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Gliricidia sepium – Wikipedia

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**Common Names:**
– Gliricidia, Mexican lilac, mother of cocoa (in India and Ghana), Nicaraguan cocoashade (in Trinidad and Tobago), quickstick (in Guyana and Jamaica), Aarons rod (in Jamaica), St. Vincent plum
– Known as (南洋櫻) in China
– Also known as agunmaniye in Nigeria, rechesengel in Palau, and mãe-do-cacau in Portuguese

– Medium-sized tree growing 10–12m high
– Smooth bark ranging from whitish gray to deep red-brown
– Bright pink to lilac flowers with a pale yellow spot
– Pod fruit 10–15cm long, green when unripe, yellow-brown at maturity
– Pod contains 4 to 10 round brown seeds

**Distribution and Spread:**
– Cultivated extensively in North, Central, and South America since pre-Columbian era
– Genetic diversity center in southern Mexico and northern Central America
– Introduced to Philippines from Mexico in early 1600s
– Spread to Caribbean, Sri Lanka, India, Indonesia, West Africa, Uganda, Kenya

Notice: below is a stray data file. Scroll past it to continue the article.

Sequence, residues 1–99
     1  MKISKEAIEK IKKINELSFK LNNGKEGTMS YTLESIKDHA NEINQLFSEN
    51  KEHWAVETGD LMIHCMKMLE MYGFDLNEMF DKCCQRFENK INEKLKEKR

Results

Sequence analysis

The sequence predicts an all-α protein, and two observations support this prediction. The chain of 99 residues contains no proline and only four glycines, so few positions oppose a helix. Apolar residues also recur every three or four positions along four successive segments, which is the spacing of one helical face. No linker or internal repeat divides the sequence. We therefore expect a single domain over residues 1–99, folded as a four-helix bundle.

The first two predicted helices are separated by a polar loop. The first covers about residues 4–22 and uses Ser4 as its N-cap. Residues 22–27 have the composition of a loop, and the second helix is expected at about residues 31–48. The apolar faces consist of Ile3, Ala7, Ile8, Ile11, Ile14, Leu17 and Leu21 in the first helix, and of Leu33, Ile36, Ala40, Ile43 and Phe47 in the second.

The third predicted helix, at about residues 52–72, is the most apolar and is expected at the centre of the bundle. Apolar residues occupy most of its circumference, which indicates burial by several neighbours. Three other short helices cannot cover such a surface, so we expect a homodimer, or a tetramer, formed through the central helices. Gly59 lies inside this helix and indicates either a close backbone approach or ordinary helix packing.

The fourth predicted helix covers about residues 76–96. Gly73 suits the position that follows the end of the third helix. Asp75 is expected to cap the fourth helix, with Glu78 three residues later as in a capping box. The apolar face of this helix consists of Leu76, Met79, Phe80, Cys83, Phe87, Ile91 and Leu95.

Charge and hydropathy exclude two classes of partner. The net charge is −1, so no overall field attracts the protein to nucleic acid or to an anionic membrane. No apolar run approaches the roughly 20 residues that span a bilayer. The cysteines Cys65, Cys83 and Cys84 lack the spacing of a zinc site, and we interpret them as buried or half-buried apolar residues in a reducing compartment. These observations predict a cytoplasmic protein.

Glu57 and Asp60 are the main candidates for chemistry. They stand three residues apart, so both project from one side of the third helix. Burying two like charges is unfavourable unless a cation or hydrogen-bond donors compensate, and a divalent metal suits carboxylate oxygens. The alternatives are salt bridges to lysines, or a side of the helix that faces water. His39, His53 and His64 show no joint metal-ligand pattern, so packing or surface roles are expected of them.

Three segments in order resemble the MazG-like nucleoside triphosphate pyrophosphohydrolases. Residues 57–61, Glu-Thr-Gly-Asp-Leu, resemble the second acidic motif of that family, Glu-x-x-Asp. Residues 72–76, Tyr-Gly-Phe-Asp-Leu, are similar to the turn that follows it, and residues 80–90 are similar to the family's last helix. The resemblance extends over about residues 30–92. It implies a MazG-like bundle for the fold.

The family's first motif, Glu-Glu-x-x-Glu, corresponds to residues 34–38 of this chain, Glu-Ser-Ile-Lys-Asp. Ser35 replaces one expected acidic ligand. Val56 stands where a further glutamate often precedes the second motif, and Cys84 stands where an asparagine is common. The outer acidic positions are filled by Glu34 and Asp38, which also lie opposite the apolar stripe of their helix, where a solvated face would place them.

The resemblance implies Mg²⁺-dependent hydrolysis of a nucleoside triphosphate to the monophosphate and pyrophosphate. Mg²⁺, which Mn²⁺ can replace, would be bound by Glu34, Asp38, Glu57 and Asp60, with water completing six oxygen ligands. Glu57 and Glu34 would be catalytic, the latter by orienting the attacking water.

– Pantropical distribution; grows well in acidic soils

– Shade tree for plantation crops like coffee
– Live fencing, fodder, firewood, green manure, rat poison
– Used in charsutri method of paddy cultivation
– High protein forage for cattle, sheep, goats
Intercropping to boost crop yields without chemical fertilizers

– Toxic to non-ruminants; traditional use as rodenticide
– Palatability challenges reported depending on management and geography
– Frost intolerance and lack of adaptation to cool seasons
– Requires pollinators to set seeds; often propagated with stem cuttings
– Invasive potential, considered a weed in Jamaica; issues with defoliation under humid conditions

**Impact on Agriculture:**
– Enhances crop yields in Africa
– Valuable as a forage tree legume
– Used for its antibacterial properties
– Supports sustainable agriculture practices
– Contributes to food security efforts

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